Author: Joe Barr
Soon all the king’s subjects were roaring around the Information Highway just like they knew where they were going. Everything was cool. At least it looked that way. The King squeezed very hard with all his monopoly muscle to make his browser the only choice for the masses. He squeezed so hard, in fact, that it attracted the Evil Witch of Dawj, whose name was Janet.
Browser design by MBA
The Evil Witch took the king to court, crying that he was an unfair lout who was clubbing his competition to death with his monopoly stick. The judge listened, and the judge pondered. Finally the judge said, king, you can stay. But that browser has to go.
The king frowned, and his monkey boy jester trembled. He always trembled when the king frowned. The two huddled and schemed and planned and connived and conspired to come up with a plan that would allow the king to keep his browser. Finally, they came up with an answer! And back to court they went.
“We can’t remove the browser, your honor, because it has decomposed into teensy tiny little browser bits, and now it’s a part of the operating system itself. But this is a good thing, judge, because it will let all of our applications be “Internet-aware!”
To be fair, the judge allowed a compromise. All those browser bits wouldn’t have to be removed, just kept out of sight. Surely they couldn’t harm anyone if you couldn’t even see them.
Now it had also just so happened that, in order to be the coolest browser in town, the king and his software designers had decided to try to lock customers in to both their Web server and their Web browser. To make this unholy alliance work, they decided to let subjects accept and run software from the server without their even knowing what was happening! All the subjects needed to know was that it was cool. The king was very big on cool.
In a perfect kingdom, the collusion between server and client might have remained something cool. But the Internet is not a perfect place, and soon bad people began to learn just how easy it was to do bad things to the king’s subjects’ computers, without them even knowing. Not only did the design invite such behavior, it made it possible to hurt people through email and instant messaging as easily as they could from a Web browser. When this all dawned on them, they said, “Cool!”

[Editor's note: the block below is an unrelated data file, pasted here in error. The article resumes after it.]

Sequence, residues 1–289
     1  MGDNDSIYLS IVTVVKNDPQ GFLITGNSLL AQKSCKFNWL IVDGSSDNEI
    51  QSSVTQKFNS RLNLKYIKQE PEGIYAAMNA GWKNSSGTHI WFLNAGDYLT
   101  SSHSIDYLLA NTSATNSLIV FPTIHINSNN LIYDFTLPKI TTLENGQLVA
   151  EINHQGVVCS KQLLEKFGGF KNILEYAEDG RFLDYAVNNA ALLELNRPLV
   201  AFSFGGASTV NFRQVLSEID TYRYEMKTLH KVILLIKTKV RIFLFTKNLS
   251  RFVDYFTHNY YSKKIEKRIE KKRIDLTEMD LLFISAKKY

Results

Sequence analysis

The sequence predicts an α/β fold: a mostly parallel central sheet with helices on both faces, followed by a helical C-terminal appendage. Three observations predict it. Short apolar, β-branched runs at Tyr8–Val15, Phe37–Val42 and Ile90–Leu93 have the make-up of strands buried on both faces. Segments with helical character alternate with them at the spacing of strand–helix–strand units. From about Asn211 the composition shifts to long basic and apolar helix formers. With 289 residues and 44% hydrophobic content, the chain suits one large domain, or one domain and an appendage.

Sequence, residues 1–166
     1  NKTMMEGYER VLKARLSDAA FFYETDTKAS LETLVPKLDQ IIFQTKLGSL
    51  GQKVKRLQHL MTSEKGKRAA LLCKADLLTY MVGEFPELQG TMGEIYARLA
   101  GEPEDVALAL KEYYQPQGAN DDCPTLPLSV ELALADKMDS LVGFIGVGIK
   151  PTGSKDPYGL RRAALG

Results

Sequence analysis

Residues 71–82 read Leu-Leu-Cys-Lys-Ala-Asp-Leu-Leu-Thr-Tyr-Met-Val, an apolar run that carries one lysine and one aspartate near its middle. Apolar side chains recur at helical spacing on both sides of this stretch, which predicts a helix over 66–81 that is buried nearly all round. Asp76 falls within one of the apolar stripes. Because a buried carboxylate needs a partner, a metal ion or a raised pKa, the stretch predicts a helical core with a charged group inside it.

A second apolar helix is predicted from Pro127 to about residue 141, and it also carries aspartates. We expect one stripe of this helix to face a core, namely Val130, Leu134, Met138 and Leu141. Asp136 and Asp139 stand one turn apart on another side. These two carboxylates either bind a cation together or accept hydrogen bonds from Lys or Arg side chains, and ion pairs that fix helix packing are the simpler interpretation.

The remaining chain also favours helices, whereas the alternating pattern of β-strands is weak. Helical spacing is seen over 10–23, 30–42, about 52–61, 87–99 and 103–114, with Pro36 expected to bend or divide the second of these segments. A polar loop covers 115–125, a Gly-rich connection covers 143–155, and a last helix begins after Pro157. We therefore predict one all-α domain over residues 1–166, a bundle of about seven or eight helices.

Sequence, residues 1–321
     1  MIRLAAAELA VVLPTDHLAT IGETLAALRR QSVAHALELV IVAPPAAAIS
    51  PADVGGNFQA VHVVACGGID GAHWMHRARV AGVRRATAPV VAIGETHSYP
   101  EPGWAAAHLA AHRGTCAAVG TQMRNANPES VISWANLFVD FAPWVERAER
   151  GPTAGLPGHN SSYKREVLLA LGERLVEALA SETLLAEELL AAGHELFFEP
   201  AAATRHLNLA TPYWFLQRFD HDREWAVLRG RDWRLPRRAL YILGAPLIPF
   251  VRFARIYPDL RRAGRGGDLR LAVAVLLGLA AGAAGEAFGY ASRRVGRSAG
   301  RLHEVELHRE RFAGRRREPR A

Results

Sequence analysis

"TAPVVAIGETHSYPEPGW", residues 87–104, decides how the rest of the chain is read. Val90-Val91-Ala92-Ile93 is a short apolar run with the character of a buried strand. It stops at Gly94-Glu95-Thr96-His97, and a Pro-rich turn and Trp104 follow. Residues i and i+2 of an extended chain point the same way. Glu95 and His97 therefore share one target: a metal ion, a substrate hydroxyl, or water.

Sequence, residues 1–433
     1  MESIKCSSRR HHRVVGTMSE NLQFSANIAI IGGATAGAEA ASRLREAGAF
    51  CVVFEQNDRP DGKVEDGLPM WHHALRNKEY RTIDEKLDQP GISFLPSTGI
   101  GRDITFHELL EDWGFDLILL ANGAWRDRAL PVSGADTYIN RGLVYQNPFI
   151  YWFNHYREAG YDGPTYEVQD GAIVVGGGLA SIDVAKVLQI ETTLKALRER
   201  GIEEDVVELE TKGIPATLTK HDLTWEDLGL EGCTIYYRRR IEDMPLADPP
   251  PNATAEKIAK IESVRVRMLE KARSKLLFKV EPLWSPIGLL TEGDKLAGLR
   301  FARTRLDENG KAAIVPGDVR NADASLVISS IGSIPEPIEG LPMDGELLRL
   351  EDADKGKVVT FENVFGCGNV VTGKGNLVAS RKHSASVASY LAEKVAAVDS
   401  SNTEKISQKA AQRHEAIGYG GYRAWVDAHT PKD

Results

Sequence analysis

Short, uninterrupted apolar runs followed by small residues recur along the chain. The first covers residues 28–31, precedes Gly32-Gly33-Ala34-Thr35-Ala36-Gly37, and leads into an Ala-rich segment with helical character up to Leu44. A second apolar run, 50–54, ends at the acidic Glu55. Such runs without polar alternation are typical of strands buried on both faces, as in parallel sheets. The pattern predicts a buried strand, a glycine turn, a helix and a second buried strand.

The Age of Malware
And so the Age of Malware was upon us. Viral adware, spy-bots, DoS agents, keyboard sniffers, and cracker havens flourished, not only because of the design of the king’s platform, but because there were so many different ways to exploit the fatal flaws. Smaller kingdoms sprang up, getting rich off the epidemic. Everyone running the king’s software needed protection and cure. It was heaven for security companies and security gurus. But the king and his monkey boy chafed under the criticism their platform received. Worse yet, a rogue freeware platform appeared to be virtually immune to the malware monsters.
They huddled again, this time for weeks. Finally the two emerged with a great Five Year Plan to combat the twin enemies of reality and free software. First of all, the king would issue a proclamation. “Evil is Evil!” he declared. Then he vowed that from now on, fighting evil would be priority numero uno in his kingdom.
Next, they decided to completely ignore the design decisions that created the viral epidemic in the first place. Better, they thought, to blame their subjects, their software partners, and independents rather than take responsibility. And with an imperial wave of his baton, the king made it illegal to speak of the design flaws in the press. This was known as the Don’t Misspeak Computer Argot act, or DMCA.
With the real cause for the problem neatly kept out of sight, spinmeisters were recruited to raise red herrings — in a fair and balanced way, of course. Thus the argument that the damnable free software project is as vulnerable to viral attack as the monopoly came to the fore. Dozens of sources meekly concurred, because they had to admit, buffer overruns are platform-agnostic — just as if that were the problem, instead of the platform design.
That being so, the king went back to talking about how good it feels to produce great software, and the monkey boy went back to break-dancing and singing “This is how we do it,” while waving both hands back and forth over his head.
Waking up in a cold sweat
I awoke in a cold sweat, terrified at what I saw in front of me. It looked like a gangster Tux. He was wearing a beret and had a cigarette hanging from his lips. “The name’s Vinnie,” he said, “Tuxedo Vinnie. We want to know what you’re going to do about this scam the king is playing in the press about the relative security of his software platform and ours.”
“But what can I do? I’m just an old journalist,” I whined. “I don’t have an army of astroturfers, nor a score of PR firms, not even one single administration I can pick up by the nape of the neck and call my own!”
Vinnie looked down on me with his cold penguin eyes. “Yeah, we don’t figure to send you in to take him on in hand-to-hand combat. Might be fun to watch, but we sure would miss you.
“All we want you to do is to remind your readers that one of the platforms being compared has been designed with security in mind from day one, and the other one hasn’t — has, in fact, compromised every serious security design concept known to man at one time or another. In order to ‘enhance the user experience,’ I suppose. Your readers are smart. Remind them which design invites malware, and which repels it. Leave the rest of it up to them.”